The two mayoral candidates, State Rep. Jefferson Smith and former City Commissioner Charlie Hales, turned in their responses to the Portland Business Alliance's candidate questionnaire recently.
Their entire answers are worth reading but of particular note are their responses to the PBA's question about the proposed $3.5 billion Columbia River Crossing project, which is a top priority for the business group.
Here are those responses (emphasis added):
|4. The I-5 crossing project is the state's top transportation priority. It will improve safety, smooth freight delivery and create jobs. Do you support moving forward with this project now so we can secure more than $800 million in federal matching funds? If not, please explain why and what alternative you would pursue.|
|Charlie Hales||It depends on what the phrase "moving forward with this project" means. I have been consistent from the beginning - I support a new span crossing the Columbia that includes light rail and bike and pedestrian mobility, and that doesn't require lifting. I don't believe the current version of the bridge is fundable, buildable and consistent with our values. But I do believe we can get to that pragmatic version of the project quickly and get it out of the planning phase and into construction. I have met with Governor Kitzhaber to discuss this project and expect to be an active partner with him in moving forward with a revised project. That's not just an intention; it's a track record. I'm the only candidate with experience working on complex projects like this and the only candidate with a deep understanding of how to get them done - on time and on budget. As Mayor, I will be part of the team that will move the project forward in a smaller, environmentally and financially-sound way that meets the initial goals - less congestion, more freight mobility and transportation options to connect Washington and Oregon with more than just cars.|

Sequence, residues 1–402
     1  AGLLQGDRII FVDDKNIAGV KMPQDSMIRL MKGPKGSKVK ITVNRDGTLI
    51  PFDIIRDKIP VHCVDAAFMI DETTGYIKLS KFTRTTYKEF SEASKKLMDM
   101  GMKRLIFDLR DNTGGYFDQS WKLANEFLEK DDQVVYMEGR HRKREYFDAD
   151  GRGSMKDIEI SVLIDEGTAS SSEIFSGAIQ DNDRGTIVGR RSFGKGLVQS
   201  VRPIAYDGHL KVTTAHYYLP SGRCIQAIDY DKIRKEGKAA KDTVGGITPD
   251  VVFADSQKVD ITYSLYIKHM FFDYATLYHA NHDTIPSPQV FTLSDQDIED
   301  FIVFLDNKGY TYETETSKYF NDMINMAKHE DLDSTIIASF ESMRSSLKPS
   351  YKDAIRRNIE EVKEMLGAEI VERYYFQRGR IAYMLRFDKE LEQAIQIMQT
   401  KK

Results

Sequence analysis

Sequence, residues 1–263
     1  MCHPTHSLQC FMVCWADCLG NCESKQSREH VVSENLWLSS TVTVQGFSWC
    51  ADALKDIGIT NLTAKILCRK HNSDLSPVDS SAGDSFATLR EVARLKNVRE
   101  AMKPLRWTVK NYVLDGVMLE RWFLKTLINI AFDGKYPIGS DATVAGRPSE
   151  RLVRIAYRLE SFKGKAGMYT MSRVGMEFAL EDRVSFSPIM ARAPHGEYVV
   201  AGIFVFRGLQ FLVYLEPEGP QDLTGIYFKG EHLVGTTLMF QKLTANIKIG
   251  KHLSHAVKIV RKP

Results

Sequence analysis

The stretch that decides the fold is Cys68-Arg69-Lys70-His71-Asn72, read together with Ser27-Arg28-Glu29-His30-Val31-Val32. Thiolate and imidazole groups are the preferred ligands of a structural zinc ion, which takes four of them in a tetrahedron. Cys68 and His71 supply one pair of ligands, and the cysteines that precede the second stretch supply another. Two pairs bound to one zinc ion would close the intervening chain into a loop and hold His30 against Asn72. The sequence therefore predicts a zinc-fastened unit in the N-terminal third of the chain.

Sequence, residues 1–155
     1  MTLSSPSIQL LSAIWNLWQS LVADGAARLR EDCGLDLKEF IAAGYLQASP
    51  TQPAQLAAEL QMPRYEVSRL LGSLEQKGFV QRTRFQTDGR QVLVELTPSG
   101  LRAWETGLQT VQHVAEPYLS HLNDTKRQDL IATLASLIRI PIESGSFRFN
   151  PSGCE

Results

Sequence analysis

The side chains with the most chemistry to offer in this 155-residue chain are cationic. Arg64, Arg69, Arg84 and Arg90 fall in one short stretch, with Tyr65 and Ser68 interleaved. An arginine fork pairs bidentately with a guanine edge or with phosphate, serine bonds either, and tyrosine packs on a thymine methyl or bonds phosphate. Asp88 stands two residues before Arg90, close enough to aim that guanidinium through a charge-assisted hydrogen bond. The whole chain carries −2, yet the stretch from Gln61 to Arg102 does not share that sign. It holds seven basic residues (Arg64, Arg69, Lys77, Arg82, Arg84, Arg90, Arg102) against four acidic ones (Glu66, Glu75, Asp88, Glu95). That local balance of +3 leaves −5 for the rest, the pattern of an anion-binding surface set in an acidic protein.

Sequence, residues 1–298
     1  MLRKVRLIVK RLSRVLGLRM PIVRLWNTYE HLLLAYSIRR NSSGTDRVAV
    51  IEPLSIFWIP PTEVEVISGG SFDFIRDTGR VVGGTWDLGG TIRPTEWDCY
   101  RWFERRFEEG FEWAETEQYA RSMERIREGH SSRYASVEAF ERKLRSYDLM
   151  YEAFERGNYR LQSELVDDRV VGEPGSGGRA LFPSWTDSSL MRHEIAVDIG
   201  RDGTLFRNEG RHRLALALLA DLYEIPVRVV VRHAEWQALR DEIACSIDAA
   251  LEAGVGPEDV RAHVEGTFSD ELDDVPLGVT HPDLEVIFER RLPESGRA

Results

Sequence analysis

|Jefferson Smith||No. I do not support moving forward with the current project. (And committing to start the project within the next year commits us to essentially the current project...or further consulting costs without building anything.) All four key funding streams are doubtful, and we've spent over 150 million on consultants without breaking ground. Even if we get the $800 million that is about a quarter of the funding. Meanwhile, a realistic gas tax increase in Salem doesn't seem pending, and the tolling math doesn't add up. And there is no clear answer for 1) funding to deal with the Rose Quarter as bottlenecks move south or 2) the impact on Oregon's economy of subsidizing Clark County tax migration. We need to face facts around a Plan B -- something smaller, quicker, and cheaper that prioritizes seismic safety and freight mobility. I urge the project proponents to look for maximum flexibility in the federal request so we can look at better options. I confess to be no engineer, but an intriguing option I've seen can be seen by googling "Common Sense Alternative Portland." It has the great advantage of being structurally easier to phase. Overall, let's lead with facts. I expect to have moments like this in the future -- when we disagree on projects and proposals and would benefit from getting on the same side of the table approaching common problems and objectives. I recognize that we disagree on this issue and that I was not your first or second choice in the primary. However, I deeply appreciate the critical role your members play in Portland, and after the election I look forward to working together to lead our city.|